Severe mental illness (SMI; schizophrenia, bipolar disorders (BDs), and other nonorganic psychoses) is associated with increased risk of cardiovascular disease (CVD) and CVD-related mortality. To date, no systematic review has investigated changes in population level CVD-related mortality over calendar time. It is unclear if this relationship has changed over time in higher-income countries with changing treatments.
Methods and findings
To address this gap, a systematic review was conducted, to assess the association between SMI and CVD including temporal change. Seven databases were searched (last: November 30, 2021) for cohort or case–control studies lasting ≥1 year, comparing frequency of CVD mortality or incidence in high-income countries between people with versus without SMI. No language restrictions were applied. Random effects meta-analyses were conducted to compute pooled hazard ratios (HRs) and rate ratios, pooled standardised mortality ratios (SMRs), pooled odds ratios (ORs), and pooled risk ratios (RRs) of CVD in those with versus without SMI. Temporal trends were explored by decade. Subgroup analyses by age, sex, setting, world region, and study quality (Newcastle–Ottawa scale (NOS) score) were conducted. The narrative synthesis included 108 studies, and the quantitative synthesis 59 mortality studies (with (≥1,841,356 cases and 29,321,409 controls) and 28 incidence studies (≥401,909 cases and 14,372,146 controls). The risk of CVD-related mortality for people with SMI was higher than controls across most comparisons, except for total CVD-related mortality for BD and cerebrovascular accident (CVA) for mixed SMI. Estimated risks were larger for schizophrenia than BD. Pooled results ranged from SMR = 1.55 (95% confidence interval (CI): 1.33 to 1.81, p < 0.001), for CVA in people with BD to HR/rate ratio = 2.40 (95% CI: 2.25 to 2.55, p < 0.001) for CVA in schizophrenia. For schizophrenia and BD, SMRs and pooled HRs/rate ratios for CHD and CVD mortality were larger in studies with outcomes occurring during the 1990s and 2000s than earlier decades (1980s: SMR = 1.14, 95% CI: 0.57 to 2.30, p = 0.71; 2000s: SMR = 2.59, 95% CI: 1.93 to 3.47, p < 0.001 for schizophrenia and CHD) and in studies including people with younger age. The incidence of CVA, CVD events, and heart failure in SMI was higher than controls. Estimated risks for schizophrenia ranged from HR/rate ratio 1.25 (95% CI: 1.04 to 1.51, p = 0.016) for total CVD events to rate ratio 3.82 (95% CI: 3.1 to 4.71, p < 0.001) for heart failure. Incidence of CHD was higher in BD versus controls. However, for schizophrenia, CHD was elevated in higher-quality studies only. The HR/rate ratios for CVA and CHD were larger in studies with outcomes occurring after the 1990s. Study limitations include the high risk of bias of some studies as they drew a comparison cohort from general population rates and the fact that it was difficult to exclude studies that had overlapping populations, although attempts were made to minimise this.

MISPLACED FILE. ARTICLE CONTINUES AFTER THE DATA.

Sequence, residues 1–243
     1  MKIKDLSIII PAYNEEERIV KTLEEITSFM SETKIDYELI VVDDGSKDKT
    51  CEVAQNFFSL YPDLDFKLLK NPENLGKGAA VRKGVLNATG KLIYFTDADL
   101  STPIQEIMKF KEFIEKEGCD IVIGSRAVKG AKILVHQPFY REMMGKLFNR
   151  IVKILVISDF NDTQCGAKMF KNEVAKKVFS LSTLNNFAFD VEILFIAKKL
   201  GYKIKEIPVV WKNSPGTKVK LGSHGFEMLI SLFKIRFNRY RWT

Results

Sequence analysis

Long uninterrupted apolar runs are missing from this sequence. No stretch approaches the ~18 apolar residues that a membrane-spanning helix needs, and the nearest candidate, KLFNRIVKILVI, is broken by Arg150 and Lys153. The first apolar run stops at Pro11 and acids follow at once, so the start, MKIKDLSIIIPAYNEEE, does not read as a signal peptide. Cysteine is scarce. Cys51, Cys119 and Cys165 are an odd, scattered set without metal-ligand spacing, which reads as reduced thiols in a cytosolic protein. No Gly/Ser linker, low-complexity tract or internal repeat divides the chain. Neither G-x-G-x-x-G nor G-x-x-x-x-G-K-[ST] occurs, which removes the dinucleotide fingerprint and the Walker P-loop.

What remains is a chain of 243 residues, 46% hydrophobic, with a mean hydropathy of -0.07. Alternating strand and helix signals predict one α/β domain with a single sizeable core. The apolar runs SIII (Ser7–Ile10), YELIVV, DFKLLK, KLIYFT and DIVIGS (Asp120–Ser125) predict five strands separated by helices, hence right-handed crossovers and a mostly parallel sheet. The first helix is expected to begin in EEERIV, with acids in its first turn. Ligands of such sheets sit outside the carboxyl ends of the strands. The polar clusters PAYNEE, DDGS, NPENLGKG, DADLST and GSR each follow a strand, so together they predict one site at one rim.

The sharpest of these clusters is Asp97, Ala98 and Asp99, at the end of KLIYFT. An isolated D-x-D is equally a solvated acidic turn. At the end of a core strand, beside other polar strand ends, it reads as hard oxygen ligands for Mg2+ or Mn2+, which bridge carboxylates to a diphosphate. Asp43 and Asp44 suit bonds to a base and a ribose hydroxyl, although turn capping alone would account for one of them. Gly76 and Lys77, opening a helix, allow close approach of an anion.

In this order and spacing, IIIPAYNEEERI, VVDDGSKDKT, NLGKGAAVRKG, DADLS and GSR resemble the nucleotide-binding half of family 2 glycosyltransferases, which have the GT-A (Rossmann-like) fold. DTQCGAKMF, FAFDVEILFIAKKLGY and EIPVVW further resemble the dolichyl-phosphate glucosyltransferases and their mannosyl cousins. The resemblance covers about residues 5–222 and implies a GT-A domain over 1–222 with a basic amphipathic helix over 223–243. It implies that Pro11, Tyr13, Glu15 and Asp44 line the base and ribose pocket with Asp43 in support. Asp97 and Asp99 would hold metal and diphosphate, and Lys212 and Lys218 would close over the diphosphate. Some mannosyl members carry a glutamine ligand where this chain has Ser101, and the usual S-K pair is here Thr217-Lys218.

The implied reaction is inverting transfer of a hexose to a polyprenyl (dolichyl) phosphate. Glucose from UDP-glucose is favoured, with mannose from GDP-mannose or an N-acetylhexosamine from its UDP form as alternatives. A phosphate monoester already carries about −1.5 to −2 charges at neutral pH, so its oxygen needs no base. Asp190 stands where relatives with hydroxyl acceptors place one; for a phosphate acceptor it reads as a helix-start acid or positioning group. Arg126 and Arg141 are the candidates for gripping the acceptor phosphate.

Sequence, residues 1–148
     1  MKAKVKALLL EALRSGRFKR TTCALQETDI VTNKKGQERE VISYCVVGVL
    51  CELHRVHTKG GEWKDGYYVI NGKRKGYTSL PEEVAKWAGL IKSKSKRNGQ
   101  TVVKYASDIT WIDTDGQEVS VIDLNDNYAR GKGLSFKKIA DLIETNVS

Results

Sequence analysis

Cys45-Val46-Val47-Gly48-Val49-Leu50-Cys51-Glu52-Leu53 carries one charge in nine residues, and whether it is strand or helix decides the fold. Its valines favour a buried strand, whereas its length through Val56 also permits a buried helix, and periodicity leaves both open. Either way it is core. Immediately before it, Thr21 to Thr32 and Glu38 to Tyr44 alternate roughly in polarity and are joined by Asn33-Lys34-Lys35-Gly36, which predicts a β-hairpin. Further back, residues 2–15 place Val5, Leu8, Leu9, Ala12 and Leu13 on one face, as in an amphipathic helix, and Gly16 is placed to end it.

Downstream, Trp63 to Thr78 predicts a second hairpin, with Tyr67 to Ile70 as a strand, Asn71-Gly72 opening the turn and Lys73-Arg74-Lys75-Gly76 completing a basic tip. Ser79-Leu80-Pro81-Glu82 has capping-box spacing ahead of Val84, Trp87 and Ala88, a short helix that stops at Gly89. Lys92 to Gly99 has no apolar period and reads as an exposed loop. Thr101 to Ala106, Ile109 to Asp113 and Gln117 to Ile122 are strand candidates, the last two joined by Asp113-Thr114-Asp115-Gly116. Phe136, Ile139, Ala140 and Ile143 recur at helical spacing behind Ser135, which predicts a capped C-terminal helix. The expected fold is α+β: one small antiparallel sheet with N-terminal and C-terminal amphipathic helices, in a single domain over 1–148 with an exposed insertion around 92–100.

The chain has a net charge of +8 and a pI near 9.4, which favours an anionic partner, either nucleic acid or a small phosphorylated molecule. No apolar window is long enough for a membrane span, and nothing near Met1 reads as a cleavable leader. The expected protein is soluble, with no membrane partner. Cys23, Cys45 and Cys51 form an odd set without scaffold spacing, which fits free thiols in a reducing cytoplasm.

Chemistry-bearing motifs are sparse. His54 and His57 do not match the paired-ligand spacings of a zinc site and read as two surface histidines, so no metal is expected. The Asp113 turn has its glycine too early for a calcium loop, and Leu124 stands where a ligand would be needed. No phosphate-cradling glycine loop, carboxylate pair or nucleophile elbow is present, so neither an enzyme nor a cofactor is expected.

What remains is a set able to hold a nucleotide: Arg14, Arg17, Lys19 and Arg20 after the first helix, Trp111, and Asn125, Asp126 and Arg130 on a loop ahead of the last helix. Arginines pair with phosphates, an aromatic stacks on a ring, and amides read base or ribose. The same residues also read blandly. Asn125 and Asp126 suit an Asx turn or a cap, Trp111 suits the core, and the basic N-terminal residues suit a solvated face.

In this study, we found that SMI was associated with an approximate doubling in the rate ratio of CVD-related mortality, particularly since the 1990s, and in younger groups. SMI was also associated with increased incidence of CVA and CHD relative to control participants since the 1990s. More research is needed to clarify the association between SMI and CHD and ways to mitigate this risk.
Why was this study done?
- Previous research has identified higher incidence and mortality from cardiovascular disease (CVD) in people with severe mental illness (SMI) than those without SMI.
- It is not known whether the gap has changed over time.
What did the researchers do and find?
- We conducted a comprehensive systematic review and meta-analysis of 108 cohort and case–control studies, including over 30 million participants.
- Compared to the general population, people with SMI, particularly schizophrenia, generally had higher levels of cardiovascular-related mortality and a higher incidence of CVD.